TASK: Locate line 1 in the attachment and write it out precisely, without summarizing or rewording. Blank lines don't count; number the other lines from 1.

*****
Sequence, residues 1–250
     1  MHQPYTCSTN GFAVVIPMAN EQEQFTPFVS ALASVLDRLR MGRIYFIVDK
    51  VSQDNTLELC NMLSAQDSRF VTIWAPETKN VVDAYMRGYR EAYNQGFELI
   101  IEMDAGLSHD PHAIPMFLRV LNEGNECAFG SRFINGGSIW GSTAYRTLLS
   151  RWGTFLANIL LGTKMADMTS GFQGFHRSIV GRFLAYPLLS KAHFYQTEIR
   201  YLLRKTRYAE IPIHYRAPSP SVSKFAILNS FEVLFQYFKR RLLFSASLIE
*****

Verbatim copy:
Sequence, residues 1–250